Wednesday, July 24, 2013

Day in the life of a juvenile probation officer

Here's a window onto an under-appreciated job from the Victoria Advocate (July 24), detailing a day in the life of a juvenile probation officer. Here's a notable excerpt:
In 2010, there were 1,809 certified juvenile probation officers in Texas, each of whom processed an average of 18 cases, according to the state's Juvenile Justice Department.

Victoria County, meanwhile, has eight field juvenile probation officers and three administrative juvenile probation officers, including the Chief Pama Hencerling, Assistant Chief Paul Zuniga and Juvenile Probation Supervisor Suzanne Tristan.

They work with anywhere from 100-200 juveniles, Zeplin said.

The job is often believed to be a thankless one, Hencerling said.

"One, it takes a special person to work with a juvenile at all," she said, "but you can imagine adding kids that have problems in their lives, whether it be criminal problems, substance abuse problems or whatever along with the maturing process, and it gets really complicated."

Zeplin, who already is raising two children, works with seven kids, but at one point as many as 29 were under her watchful eye.

"The first thing I'll tell my kiddos is, 'I'm going to be like your mama, you know? I'm gonna be right there. You do something, believe me, I'm going to find out. And if I have to find out from somebody else that you did something wrong, then we're going to have problems,'" she said.

And like any proud mama, she boasts about their accomplishments, especially because a disheartening 50 percent of the kids drop out of school.

On hard days, Zeplin likes to fish out a green thank-you card from the belly of her wooden desk. The bubbly handwriting on the card belongs to a 16-year-old girl, the same girl who used to fling not only obscenities but also fists at Zeplin.

"Thank you for everything and not giving up on me, like almost everybody around me has," the girl, who was charged with possession of marijuana, wrote.


Anonymous said...

I've always remembered my juvenile parole officer. Visited me once after release and then showed up whenever I'd get kicked out of high school (I think the suspensions totaled about a dozen over two years for things like having my hair too long, wearing a flower in a buttonhole, lighting up a cigarette as a stupid protest because another kid had been suspended for smoking at a different campus during a football game, etc. ) to make sure I got back in. Extended my parole until the day I graduated just to make sure I did.

He understood teenagers...and their stupidity. :~)

Anonymous said...

..."it gets really complicated."
Hell yes it is. What's she's saying is (1) they are underfunded for the volume of kids on probation and (2) they lack resources in their community to redirect these kids. It's always going to exacerbate the problems when those two elements exist. These are failures of leadership in the ledge because that ratio is unheard of and will certainly lead to referrals to the TDJJ Institutional division. Do you know if their biennium budget was increased to address this problem? I would bet not considering Whitmire is just fine certifying them as adults because it's cheaper to house them in TDCJ ID. Shame.

Anonymous said...

I worked as an adult probation officer for 29 years and I do not remember one year when our system was adequately funded or ever having adequate resources to do our job thoroughly, properly, and safely. That is the sad truth and anyone who is going in the juvenile or adult system..get over the fact that u have a thankless job with little positive recognition and low salaries and most of ur satisfaction will come from within, knowing differences were made in some offender's lives.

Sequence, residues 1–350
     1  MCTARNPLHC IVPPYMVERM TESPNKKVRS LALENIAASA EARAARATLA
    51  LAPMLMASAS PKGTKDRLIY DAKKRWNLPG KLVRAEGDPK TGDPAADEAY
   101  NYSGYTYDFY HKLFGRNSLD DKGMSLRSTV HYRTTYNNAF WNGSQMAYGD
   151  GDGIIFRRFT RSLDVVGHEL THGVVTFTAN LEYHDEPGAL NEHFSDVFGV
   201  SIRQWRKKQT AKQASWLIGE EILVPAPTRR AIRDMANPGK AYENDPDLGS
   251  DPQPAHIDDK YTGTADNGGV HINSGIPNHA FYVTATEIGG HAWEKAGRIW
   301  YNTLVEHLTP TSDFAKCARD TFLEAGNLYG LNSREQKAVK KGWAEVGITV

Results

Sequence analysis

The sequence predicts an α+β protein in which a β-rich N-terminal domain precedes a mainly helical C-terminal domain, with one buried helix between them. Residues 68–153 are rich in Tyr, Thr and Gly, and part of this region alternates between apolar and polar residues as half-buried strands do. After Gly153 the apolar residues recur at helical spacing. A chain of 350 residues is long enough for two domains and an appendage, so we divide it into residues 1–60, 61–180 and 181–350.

Anonymous said...

The LBB needs to understand that it takes funding for officers and programs to be successful in rehabilitating both adults and juveniles. This past session was a dagger in the heart when basic money from the state was cut because overall referrals were down. Last session we were told to go forth and prevent juveniles from entering the system and we did. Now we get funding cut because fewer juveniles were referred to the system. What's wrong with this picture??
Having first worked in adult and now at juvenile I remember the successes over the failures because every day I know that I worked my legs off trying to save just 1 child from themselves or their family dynamics. This can be echoed all across the state because every probation officer, adult and juvenile alike, has a heart for working with offenders because we sure are not in it to get rich. THANK YOU to my fellow probation officers. We do make a difference despite the lawmakers.

Anonymous said...

While the Post is regarding the "Day in the life...” one thing is for sure, it'll bring probation officers out of the woodwork to chime in and / or out. Despite doing so anonymously, it's up to the individual to discern if they are legit comments or not. If you don't like long winded comments you should consider sticking to the sound bites because this aint for you.

Since a few will be the real thing, I'd like to take this opportunity to quiz 'em about some issues relating to their 'duties' & how 'it' is directly related to the 97% Plea Bargain rate.

For instance, when a probationer is on his / her third year of a five year stint (for $75. worth of stolen items) - (say what?) & is pulled over while in the process of letting someone test drive a vehicle. The potential buyer is searched ("for being in a suspicious vehicle") and found to be in possession of stolen items in his pockets and arrested.

The cops take the seller also (on probation) simply for being on 'it' & put in the report he's arrested on an "Outstanding Traffic Warrant". He's not allowed to use the phone for 5 days, in which he's placed in Live Line-Ups' as a "filler" and is Positively picked out as a gunman that was originally described as having black hair and black skin, while he sports the complete opposite. The Detectives catch it but seek felony charges because he's on probation.

His family hires a lawyer that advises him to - "Stop the trial" (on day one just after the crime victim says "that's him but his hair is different") and take the plea. Guilty or Not you are going to prison for being on probation at time of arrest". It doesn’t matter that you have 5 alibis witnesses, it's 10 years, get out in 3 or 99 years".

Anonymous said...

Now, for the P.Os. in the house, is this legal advice 100% spot on and the probationer did the right thing by adhering to it - (Guilty or Not) or is it 100% bullshit and the probationer was railroaded by his very own lawyer?